Jung says: “Ground lamb gets stir-fried in a flash with Thai chilies, togarashi, yuzu, and fish sauce for a big jolt of flavor. Mound some on a lettuce leaf and fold up to eat. You may need to make an initial trip to an Asian market for the seasoning ingredients, but once you have them on hand, you can whip this up anytime.”








Make Moong dal lentils á la Berkeley’s Vik’s Chaat.

Vegetarian options:

Aloo gobi tacos, from Curry Up Now (locations in Alameda, Oakland, and soon San Ramon)

Jung says: “Ginger, turmeric, coriander, chili powder, and tomatoes wake up a mix of sautéed potatoes and cauliflower florets. This spicy, and hearty mixture gets folded up in corn tortillas to enjoy. It definitely adds new excitement to Meatless Mondays or Taco Tuesdays.”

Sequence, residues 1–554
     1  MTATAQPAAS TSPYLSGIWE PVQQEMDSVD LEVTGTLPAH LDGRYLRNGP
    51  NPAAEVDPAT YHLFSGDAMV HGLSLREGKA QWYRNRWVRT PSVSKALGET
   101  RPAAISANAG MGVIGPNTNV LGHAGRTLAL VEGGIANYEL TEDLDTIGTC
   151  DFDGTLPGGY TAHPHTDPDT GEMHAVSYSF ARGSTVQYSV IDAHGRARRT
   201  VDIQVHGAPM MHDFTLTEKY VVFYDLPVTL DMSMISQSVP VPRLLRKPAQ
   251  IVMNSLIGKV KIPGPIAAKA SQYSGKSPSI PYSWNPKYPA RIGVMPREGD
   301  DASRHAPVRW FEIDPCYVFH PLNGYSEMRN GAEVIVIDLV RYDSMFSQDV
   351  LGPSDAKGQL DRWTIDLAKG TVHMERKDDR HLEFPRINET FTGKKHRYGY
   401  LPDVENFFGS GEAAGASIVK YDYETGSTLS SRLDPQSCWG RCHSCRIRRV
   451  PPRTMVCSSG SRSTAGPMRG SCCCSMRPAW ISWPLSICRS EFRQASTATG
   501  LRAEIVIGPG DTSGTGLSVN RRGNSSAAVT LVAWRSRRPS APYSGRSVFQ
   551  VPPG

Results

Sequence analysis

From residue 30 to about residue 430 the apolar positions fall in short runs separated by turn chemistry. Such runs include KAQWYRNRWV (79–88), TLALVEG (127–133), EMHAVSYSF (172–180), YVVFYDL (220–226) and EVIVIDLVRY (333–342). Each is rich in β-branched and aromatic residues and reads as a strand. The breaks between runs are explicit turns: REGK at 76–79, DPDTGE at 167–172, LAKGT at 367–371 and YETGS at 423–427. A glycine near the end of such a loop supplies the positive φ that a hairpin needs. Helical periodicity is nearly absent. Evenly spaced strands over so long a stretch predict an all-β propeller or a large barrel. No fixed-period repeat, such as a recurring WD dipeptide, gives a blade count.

The flourless chocolate truffle cake from Old Towne Danville Bakery is sprinkled with powered sugar.


Campfire kulfi, from Componere Fine Catering (Emeryville)

Jung says: “It’s a sophisticated version of your favorite childhood s’mores—with a touch of bourbon, of course. It was created by a former head pastry chef of the French Laundry. Hence, it does require several steps to make, but you can stretch it out over several days. It makes a large portion, but leftovers freeze easily for a month. It’s a rich, decadent dessert that makes you sit up and take notice from the get-go.”









Spicy Q, from Chop Bar (Oakland)